This short exchange between father and daughter reveals another key reason why so many Jews took up photography: it was a way to earn money. As Berkowitz says, “The vast majority of people were in photography to make a living. It wasn’t the greatest way of making money but it was actually pretty good, particularly for women. It probably was women photographers who were the most successful professional cohort around the turn of the century. I can’t think of any other semi-professionalised group of women who even come close.”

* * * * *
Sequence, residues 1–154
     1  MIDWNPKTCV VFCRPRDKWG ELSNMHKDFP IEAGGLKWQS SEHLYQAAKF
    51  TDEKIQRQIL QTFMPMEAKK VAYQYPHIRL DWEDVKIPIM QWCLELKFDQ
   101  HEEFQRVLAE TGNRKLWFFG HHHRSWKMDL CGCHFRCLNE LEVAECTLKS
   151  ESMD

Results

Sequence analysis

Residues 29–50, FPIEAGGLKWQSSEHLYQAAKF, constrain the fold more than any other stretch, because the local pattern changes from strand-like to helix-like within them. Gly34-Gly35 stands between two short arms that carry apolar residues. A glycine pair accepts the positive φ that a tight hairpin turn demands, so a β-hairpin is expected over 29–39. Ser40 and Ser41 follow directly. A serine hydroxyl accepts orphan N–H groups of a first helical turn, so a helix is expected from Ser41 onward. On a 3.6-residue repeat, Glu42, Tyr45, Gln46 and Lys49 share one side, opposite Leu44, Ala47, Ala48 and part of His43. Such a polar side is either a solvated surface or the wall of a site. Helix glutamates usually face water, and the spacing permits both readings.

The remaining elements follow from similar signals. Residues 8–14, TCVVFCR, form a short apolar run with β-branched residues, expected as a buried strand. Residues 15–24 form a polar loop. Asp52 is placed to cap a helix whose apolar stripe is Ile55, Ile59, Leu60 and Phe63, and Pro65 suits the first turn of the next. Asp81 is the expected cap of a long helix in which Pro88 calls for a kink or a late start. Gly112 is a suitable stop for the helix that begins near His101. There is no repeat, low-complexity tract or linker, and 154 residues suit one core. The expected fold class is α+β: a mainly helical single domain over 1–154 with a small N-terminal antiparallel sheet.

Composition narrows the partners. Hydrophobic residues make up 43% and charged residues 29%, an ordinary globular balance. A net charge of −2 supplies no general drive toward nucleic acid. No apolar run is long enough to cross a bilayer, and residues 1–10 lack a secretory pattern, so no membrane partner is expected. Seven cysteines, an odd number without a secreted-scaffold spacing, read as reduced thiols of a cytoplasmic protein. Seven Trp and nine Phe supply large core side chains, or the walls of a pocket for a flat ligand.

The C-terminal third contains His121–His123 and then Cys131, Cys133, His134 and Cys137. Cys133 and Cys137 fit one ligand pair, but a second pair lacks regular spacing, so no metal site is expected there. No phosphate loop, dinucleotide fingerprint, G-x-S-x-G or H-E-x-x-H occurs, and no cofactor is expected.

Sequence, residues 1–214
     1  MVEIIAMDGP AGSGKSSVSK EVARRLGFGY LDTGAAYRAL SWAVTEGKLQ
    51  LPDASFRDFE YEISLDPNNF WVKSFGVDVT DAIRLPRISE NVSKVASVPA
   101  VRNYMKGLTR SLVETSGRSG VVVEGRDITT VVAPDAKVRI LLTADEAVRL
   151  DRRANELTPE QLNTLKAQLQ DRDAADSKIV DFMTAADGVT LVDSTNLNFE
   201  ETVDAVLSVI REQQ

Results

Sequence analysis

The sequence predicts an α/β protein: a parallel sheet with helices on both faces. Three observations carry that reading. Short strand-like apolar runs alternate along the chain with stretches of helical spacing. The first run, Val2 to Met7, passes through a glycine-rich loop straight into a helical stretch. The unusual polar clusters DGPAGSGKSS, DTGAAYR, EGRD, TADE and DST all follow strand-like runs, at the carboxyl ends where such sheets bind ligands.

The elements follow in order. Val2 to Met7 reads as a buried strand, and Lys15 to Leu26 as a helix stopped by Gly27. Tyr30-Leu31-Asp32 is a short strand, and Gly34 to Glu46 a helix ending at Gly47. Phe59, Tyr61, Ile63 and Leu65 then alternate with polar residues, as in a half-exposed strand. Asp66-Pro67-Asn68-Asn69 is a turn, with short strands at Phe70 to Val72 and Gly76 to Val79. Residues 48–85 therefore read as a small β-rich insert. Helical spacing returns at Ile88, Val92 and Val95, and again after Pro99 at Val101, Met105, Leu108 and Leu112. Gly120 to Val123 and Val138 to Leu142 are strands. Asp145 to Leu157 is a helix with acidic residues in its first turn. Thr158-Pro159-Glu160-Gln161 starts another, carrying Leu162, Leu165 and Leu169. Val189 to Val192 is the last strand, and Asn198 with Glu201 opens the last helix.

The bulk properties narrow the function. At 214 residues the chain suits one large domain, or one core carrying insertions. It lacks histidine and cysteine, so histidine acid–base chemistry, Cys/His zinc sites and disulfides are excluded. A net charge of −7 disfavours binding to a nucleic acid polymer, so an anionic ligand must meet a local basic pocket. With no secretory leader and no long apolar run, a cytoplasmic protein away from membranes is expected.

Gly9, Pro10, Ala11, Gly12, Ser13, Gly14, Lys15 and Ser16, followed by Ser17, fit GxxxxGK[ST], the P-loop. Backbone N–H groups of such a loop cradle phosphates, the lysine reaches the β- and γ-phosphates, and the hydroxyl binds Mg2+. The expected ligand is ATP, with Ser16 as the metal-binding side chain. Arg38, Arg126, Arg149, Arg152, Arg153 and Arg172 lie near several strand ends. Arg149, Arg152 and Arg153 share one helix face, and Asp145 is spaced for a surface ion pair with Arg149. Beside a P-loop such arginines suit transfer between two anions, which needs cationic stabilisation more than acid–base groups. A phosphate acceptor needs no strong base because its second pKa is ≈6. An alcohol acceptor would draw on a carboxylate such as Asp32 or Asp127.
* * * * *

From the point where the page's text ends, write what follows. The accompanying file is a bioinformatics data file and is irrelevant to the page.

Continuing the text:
Jewish photographers were particularly involved in commercial photography, namely portrait photography, photojournalism and fashion. Many of the great photographers began their careers working in commercial areas. Though Man Ray is particularly celebrated today for his experimental rayographs, which he made without a camera by placing objects onto photosensitised paper that he then exposed to light, he made his living in Paris between the wars almost entirely from his fashion photography for Vanity Fair, Vogue and Harper’s Bazaar. In New York, André Kertész worked for House and Garden for many years while taking the more artistic shots of the city for which he is renowned. Berkowitz recalls his interviews with Lotte Jacobi (1896–1990), a German-born photographer whose father and grandfather had also been photographers. She escaped to New York in 1935 where she opened a portrait photography studio in Manhattan. “It wasn’t till the end of her career, until decades after that she was able to think about doing something as art.” Jacobi, like Man Ray, experimented with camera-less processes whilst earning her living taking portraits. Dorothy Bohm studied photography at Manchester College of Technology and then established herself as a portrait photographer, supporting her husband while he completed his PhD before turning her camera on other subjects. Another refugee from Nazism, Edith Tudor-Hart (née Suschitzky) (see Jewish Quarterly, autumn 2018), who studied photography at the Bauhaus, worked as a photojournalist after she and her husband fled to the UK in 1933. Diane Arbus’s family owned a Fifth Avenue department store and she started out creating ads for the family business. As Berkowitz points out, the success of Jews in the world of fashion photography “is an incredible phenomenon – but the ties to the schmatta business are just obvious”.